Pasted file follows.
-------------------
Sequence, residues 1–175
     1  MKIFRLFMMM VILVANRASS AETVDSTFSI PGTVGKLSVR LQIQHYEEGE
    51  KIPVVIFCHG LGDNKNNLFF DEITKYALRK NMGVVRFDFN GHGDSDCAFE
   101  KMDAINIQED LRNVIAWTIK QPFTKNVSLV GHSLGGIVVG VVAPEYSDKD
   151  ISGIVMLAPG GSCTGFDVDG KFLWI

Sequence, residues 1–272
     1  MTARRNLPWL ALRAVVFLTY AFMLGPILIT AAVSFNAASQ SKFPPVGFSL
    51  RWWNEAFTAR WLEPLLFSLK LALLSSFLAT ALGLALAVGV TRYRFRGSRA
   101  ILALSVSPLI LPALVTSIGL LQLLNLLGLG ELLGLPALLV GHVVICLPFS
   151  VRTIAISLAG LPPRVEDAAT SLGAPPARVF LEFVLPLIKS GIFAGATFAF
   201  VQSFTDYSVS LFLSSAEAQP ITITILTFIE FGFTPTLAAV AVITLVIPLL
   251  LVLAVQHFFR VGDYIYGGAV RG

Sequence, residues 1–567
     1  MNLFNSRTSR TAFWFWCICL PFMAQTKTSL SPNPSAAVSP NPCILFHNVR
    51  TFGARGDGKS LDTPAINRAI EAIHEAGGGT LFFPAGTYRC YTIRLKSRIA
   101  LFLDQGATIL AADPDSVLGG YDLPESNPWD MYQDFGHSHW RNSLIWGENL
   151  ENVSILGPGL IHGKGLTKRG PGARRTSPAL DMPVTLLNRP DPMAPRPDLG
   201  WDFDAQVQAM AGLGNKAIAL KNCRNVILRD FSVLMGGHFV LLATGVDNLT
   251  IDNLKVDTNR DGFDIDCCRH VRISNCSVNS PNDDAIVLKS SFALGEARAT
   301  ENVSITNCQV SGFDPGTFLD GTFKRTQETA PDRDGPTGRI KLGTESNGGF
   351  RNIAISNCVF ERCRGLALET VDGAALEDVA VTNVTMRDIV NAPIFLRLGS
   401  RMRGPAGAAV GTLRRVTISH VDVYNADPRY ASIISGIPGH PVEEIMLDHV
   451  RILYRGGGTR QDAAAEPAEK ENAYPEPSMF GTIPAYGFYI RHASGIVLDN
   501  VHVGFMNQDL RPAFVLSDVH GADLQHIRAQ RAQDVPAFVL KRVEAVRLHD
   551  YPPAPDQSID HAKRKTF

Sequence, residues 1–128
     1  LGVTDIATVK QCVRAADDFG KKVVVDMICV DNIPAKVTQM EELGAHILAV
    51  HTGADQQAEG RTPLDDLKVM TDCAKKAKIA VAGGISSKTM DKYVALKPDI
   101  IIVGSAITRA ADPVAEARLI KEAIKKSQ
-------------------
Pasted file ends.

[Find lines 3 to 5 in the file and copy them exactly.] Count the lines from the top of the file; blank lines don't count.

    51  KIPVVIFCHG LGDNKNNLFF DEITKYALRK NMGVVRFDFN GHGDSDCAFE
   101  KMDAINIQED LRNVIAWTIK QPFTKNVSLV GHSLGGIVVG VVAPEYSDKD
   151  ISGIVMLAPG GSCTGFDVDG KFLWI